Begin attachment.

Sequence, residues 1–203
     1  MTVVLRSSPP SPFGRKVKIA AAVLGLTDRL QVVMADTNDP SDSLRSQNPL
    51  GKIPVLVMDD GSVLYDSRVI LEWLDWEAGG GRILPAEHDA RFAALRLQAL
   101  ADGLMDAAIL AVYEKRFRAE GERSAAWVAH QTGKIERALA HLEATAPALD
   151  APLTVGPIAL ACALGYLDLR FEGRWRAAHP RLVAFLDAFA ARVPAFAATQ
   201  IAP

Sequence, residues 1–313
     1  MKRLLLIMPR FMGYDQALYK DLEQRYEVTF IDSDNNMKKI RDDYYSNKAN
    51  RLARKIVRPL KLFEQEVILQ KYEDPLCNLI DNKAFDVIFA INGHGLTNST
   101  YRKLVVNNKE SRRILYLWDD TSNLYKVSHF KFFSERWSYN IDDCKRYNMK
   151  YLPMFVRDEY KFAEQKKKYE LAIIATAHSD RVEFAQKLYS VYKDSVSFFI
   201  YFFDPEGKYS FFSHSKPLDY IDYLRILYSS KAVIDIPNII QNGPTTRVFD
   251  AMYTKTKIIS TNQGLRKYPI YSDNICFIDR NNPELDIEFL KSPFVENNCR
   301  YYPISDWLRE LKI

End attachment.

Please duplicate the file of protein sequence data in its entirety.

Sequence, residues 1–203
     1  MTVVLRSSPP SPFGRKVKIA AAVLGLTDRL QVVMADTNDP SDSLRSQNPL
    51  GKIPVLVMDD GSVLYDSRVI LEWLDWEAGG GRILPAEHDA RFAALRLQAL
   101  ADGLMDAAIL AVYEKRFRAE GERSAAWVAH QTGKIERALA HLEATAPALD
   151  APLTVGPIAL ACALGYLDLR FEGRWRAAHP RLVAFLDAFA ARVPAFAATQ
   201  IAP

Sequence, residues 1–313
     1  MKRLLLIMPR FMGYDQALYK DLEQRYEVTF IDSDNNMKKI RDDYYSNKAN
    51  RLARKIVRPL KLFEQEVILQ KYEDPLCNLI DNKAFDVIFA INGHGLTNST
   101  YRKLVVNNKE SRRILYLWDD TSNLYKVSHF KFFSERWSYN IDDCKRYNMK
   151  YLPMFVRDEY KFAEQKKKYE LAIIATAHSD RVEFAQKLYS VYKDSVSFFI
   201  YFFDPEGKYS FFSHSKPLDY IDYLRILYSS KAVIDIPNII QNGPTTRVFD
   251  AMYTKTKIIS TNQGLRKYPI YSDNICFIDR NNPELDIEFL KSPFVENNCR
   301  YYPISDWLRE LKI